Here’s a fun little fact for you: According to the online meeting services provider Fuze, as much as $37 billion per year is wasted on unproductive meetings. That’s right, the GDP of Serbia is spent on glorified coffee breaks that hinder productivity at work for both management and staff alike. It’s something of a staggering number when one stops to think about it. And one is compelled to ask: How did it ever come to this?
No one is exactly sure how our current meeting culture evolved. We can make a pretty good guess, though, that at some point in the distant past meetings did actually serve a useful purpose. And for some high achievers in the business world, they still do. Only, they have evolved their strategy to make meetings work for them, instead of the other way around. So if you want to get some real productivity tips for work from the pros, look no further than the way they run (and don’t run) their meetings.
The Standing Meeting
Richard Branson isn’t someone who really thrives on spending his time in meetings. Yet somehow he has still managed to do okay in the business world in spite of that fact. In his usual fashion, he has accepted the necessity of meetings and understands the purpose they serve, but has also learned how to turn them to his advantage. His brilliant pro tip for how to increase productivity in your meetings: Have them standing up.
Not only is standing a substantially more healthy activity than sitting, it also provides several other benefits as well. Standing tends to get everyone focused on the matter at hand quickly, according to Branson. The next time you attend a meeting, watch. When people sit together there is almost a sense of social awkwardness if some polite chit chat isn’t involved first. This can go on … seemingly indefinitely. But have a standing meeting and notice the difference. People almost immediately start talking about something useful and on point. And if you really want to increase productivity at work, Branson suggests having a walking meeting. Walking is a superb way to get the creative juices flowing, as countless artists have attested for years. You’ll see yourself and your team working through difficult sticking points much more quickly as you walk and talk.
Why Are You Here?
In a Q&A for Inc.com, aerospace engineer Skyler Shuford once commented on his time working for SpaceX and its founder Elon Musk, who is notorious for his ruthless efficiency during meetings. On one such occasion, Shuford recounted, Musk turned to an attendee and observed, “You haven’t said anything. Why are you here?” … Which I’m sure wasn’t awkward at all for that lady or gentleman.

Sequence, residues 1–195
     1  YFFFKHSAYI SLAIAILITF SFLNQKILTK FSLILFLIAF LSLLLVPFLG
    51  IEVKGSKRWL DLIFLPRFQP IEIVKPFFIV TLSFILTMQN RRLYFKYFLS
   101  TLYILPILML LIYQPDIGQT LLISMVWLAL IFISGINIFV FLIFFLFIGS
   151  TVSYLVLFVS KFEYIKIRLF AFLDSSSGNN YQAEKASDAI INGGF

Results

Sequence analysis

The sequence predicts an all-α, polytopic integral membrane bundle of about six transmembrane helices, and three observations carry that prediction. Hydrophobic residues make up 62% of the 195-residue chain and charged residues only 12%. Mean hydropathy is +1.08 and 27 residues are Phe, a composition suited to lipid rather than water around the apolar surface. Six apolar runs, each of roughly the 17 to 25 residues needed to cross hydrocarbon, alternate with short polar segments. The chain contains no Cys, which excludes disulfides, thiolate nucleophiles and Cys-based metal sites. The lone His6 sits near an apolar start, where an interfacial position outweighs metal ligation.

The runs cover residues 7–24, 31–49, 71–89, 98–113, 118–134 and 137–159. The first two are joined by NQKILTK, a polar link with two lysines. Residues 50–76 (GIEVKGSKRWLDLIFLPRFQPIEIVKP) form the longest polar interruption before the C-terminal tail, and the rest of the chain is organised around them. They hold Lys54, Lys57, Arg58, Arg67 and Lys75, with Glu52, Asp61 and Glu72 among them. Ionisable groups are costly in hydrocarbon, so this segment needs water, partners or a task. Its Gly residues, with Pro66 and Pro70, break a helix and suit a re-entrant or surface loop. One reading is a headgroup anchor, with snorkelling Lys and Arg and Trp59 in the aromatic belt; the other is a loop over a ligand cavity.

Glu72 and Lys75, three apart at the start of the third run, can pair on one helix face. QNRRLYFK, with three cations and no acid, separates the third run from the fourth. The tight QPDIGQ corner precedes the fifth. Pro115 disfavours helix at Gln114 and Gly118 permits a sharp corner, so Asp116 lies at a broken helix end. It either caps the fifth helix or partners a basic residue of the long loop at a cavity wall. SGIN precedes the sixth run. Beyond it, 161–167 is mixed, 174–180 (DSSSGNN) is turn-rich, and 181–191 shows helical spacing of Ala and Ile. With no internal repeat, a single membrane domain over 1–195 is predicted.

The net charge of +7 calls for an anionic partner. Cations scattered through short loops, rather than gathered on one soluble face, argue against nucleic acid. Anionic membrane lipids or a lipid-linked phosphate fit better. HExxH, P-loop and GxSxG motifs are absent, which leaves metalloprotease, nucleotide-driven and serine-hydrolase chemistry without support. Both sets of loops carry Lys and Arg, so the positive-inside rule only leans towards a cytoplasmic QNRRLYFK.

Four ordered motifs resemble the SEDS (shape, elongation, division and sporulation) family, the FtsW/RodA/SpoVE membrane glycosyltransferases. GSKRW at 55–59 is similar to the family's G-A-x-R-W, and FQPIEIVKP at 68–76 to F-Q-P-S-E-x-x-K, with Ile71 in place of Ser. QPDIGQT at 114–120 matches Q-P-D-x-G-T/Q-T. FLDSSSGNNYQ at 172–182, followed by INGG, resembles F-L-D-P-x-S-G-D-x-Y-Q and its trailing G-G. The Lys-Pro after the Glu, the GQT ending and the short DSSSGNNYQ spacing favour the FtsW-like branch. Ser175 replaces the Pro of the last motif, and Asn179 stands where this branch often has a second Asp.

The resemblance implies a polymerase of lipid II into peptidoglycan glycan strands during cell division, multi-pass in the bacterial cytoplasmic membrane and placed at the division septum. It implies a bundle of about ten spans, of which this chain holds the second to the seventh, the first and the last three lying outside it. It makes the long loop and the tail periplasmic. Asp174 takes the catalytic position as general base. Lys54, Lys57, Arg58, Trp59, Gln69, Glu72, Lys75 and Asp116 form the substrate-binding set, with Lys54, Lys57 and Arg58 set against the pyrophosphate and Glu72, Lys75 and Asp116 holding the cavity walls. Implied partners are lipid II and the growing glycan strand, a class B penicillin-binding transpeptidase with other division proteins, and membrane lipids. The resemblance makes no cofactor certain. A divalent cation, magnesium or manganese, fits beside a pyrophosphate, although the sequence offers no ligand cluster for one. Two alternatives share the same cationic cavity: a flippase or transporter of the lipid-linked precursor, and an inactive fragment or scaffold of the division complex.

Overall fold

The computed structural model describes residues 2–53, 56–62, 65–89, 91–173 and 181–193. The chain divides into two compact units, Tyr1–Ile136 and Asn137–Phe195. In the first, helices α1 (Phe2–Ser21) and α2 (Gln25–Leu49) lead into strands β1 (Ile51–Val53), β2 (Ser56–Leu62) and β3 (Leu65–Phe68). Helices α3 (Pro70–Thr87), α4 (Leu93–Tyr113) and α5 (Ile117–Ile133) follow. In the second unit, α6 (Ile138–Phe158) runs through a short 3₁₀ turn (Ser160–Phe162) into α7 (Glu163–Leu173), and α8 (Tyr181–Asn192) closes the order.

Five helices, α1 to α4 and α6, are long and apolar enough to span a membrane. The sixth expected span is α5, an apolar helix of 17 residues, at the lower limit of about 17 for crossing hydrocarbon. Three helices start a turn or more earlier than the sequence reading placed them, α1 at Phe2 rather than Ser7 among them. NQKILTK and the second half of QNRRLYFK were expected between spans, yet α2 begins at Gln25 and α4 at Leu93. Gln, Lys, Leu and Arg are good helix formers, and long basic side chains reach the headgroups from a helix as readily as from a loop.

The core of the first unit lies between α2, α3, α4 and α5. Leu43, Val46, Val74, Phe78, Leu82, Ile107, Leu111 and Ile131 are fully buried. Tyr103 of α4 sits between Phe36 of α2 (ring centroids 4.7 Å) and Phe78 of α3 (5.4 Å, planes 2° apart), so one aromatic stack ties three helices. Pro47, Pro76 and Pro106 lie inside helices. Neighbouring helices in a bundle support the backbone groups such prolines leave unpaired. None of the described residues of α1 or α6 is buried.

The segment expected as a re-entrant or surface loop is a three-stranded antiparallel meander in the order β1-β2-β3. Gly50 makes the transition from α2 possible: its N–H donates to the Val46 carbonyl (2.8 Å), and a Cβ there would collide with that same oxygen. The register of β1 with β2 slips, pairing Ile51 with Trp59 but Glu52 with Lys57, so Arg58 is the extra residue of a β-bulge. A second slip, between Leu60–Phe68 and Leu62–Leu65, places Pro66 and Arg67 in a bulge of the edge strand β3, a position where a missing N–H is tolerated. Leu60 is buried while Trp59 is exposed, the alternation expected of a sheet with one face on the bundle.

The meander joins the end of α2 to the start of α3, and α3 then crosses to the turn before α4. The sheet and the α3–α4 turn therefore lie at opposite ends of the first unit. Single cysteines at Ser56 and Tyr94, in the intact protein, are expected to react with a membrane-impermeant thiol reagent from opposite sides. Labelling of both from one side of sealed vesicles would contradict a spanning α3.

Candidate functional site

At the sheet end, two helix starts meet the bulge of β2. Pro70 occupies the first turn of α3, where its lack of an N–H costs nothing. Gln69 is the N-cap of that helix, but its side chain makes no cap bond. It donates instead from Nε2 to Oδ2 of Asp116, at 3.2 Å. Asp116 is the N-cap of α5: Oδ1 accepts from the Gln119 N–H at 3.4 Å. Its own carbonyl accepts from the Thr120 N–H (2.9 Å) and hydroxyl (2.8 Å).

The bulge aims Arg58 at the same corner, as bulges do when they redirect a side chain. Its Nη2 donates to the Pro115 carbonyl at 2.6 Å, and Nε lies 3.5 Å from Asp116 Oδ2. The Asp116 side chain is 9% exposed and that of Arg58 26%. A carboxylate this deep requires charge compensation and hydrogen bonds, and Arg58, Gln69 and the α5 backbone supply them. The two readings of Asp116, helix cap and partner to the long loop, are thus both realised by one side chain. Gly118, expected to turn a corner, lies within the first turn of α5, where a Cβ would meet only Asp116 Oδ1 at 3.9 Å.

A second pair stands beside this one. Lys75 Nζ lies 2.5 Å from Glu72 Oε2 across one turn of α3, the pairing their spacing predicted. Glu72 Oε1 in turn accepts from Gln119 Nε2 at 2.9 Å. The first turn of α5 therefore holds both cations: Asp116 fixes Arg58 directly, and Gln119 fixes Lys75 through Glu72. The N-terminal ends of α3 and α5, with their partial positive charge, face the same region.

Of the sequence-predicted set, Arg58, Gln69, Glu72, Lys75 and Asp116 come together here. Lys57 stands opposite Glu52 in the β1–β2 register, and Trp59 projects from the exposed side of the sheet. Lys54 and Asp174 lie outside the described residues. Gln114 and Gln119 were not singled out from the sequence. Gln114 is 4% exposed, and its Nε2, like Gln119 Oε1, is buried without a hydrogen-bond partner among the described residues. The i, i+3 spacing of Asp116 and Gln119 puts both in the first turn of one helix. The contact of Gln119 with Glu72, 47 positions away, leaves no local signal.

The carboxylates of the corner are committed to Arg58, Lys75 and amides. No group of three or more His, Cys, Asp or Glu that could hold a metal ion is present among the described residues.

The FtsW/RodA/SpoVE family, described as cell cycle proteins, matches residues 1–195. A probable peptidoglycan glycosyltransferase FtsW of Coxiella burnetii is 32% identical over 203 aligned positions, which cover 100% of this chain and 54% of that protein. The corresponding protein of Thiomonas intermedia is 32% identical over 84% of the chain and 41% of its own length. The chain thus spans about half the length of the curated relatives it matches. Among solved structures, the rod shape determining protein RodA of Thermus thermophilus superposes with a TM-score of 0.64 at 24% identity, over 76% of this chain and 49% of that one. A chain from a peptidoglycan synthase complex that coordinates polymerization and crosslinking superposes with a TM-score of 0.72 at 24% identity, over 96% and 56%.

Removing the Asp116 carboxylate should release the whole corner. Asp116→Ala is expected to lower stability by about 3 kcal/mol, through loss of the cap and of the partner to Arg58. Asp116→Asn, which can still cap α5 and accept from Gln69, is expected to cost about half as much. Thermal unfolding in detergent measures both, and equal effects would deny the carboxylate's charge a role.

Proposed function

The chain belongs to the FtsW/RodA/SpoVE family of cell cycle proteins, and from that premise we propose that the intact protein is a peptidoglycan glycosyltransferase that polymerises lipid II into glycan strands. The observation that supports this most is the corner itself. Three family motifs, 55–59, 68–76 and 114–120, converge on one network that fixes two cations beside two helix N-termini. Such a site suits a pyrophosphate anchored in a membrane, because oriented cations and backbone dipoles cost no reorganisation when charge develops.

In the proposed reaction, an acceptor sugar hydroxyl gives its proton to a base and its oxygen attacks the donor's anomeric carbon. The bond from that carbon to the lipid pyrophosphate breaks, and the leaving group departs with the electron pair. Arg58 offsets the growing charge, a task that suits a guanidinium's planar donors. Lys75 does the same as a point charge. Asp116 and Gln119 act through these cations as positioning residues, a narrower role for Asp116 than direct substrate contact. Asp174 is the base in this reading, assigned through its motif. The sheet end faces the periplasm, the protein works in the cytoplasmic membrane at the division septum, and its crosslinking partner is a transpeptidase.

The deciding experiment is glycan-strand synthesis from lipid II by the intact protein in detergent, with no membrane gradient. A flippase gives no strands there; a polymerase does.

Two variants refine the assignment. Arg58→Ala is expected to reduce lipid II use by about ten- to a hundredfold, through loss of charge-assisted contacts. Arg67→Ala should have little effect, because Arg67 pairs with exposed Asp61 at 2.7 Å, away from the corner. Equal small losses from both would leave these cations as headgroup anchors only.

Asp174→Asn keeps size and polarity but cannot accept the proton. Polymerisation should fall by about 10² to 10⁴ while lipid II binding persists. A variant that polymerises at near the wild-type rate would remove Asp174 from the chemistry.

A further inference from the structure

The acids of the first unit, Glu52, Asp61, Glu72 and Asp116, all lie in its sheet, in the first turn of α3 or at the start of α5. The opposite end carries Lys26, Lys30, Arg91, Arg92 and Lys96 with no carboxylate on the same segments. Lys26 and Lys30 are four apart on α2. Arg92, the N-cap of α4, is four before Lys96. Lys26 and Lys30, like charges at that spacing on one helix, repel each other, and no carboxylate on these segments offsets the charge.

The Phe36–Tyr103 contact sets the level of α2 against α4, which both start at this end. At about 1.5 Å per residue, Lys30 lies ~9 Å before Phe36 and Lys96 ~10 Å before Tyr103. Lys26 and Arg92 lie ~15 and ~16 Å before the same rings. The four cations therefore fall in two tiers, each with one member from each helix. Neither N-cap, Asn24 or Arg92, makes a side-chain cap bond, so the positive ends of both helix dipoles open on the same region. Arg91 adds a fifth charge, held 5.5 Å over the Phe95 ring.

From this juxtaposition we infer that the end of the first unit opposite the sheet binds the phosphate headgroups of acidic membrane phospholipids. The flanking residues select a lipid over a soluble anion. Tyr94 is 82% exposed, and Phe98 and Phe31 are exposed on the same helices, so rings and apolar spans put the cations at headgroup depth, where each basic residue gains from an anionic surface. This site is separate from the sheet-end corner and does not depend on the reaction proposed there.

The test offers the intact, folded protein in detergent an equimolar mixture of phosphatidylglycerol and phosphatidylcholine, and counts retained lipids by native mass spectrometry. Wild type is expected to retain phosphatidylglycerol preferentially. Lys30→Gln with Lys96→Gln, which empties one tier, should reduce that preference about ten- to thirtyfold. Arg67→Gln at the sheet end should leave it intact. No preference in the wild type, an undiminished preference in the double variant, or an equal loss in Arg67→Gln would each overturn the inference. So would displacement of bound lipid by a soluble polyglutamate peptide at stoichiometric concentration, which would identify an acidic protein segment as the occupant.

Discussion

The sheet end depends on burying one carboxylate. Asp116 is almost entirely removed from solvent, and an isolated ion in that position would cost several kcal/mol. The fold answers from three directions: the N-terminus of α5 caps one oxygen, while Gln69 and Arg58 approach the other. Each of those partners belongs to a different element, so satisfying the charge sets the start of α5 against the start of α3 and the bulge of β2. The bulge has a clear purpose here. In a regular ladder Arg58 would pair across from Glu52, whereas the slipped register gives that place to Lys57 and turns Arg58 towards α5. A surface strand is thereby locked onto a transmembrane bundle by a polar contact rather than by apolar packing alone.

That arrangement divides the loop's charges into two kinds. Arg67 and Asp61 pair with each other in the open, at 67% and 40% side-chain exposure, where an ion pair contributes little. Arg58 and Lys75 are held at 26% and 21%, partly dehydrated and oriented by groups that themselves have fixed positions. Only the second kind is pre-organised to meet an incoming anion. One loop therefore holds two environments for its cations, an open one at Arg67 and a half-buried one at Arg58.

Awkward or not, Musk’s blunt question raises two extremely important, and related, points. The first is that, if you are a manager, it is your responsibility to keep meetings from being free-for-alls. Some staff members may show up because they are genuinely curious. However, no one is paid to be curious. And the other hangers-on are only there to look busy and crush K-cups. If they’re not contributing to the exact point of the meeting, more than likely they are contributing to the pointlessness of it.
On the other side of that coin, if you have no business being in a meeting, take it upon yourself not to go. I know it can be something of a blow to the ego when the conference room door closes and you’re on the outside. But it doesn’t mean that you’re not one of the Big Girls or Big Boys. It just means that you have better things to do!
Wait a minute … didn’t I just say not to do this? I did, but there’s a caveat here. Crash them the way that Silicon Valley billionaire Chris Sacca did. During his time at Google, Sacca attended meeting after meeting, as many as he possibly could. The difference, however, was that he did not violate Musk’s “You haven’t said anything” tenet. Instead, Sacca took the time to become informed about the purpose of the meeting. He studied. And when he attended, he did his best to provide something useful, or insightful—something that might actually be of benefit to the company and his co-workers.
It apparently paid off too. With the education he received from his continual meeting attendance, Sacca was able to identify early on the potential of such companies as Twitter, Instagram and Kickstarter. His investments in those companies allowing him to launch his own Lowercase Capital and so far he’s never looked back.
Don’t Schedule Meetings
If you really want to kill productivity at work and waste everyone’s time, have a regular Monday morning/Friday afternoon/Wednesday 10:30 or whatever time meeting. These are notoriously fruitless affairs. Personally, I’ve sat through them at every job I’ve ever held in the corporate world (there’s been a slew of them). I can count on my fingers the number of times they were actually productive.
Do meetings like this instead: When there is some problem, or some new project, or some ongoing concern that requires input from multiple people, then find a time when those particular people are available. Next, set up an agenda and a framework for what needs to be accomplished. Who needs to bring what materials? Who should be prepared with what data? Who needs to accomplish what tasks beforehand? Set up specific times for when the meeting will begin and when certain topics will be discussed. Then, everyone Stand Up! Stand in front of the projection screen or the dry erase board and go over what needs to be covered. At the end, there can be a time for less formal discussions and questions—and if someone needs to skip this portion, then go ahead and skip it!
So there you have it, excellent and actionable ways to increase productivity from some pros that have a pretty decent track record of getting things done. The strategies may seem unorthodox, or even a little awkward, but it is exactly this kind of thinking that allows all of us to push forward and achieve greater things.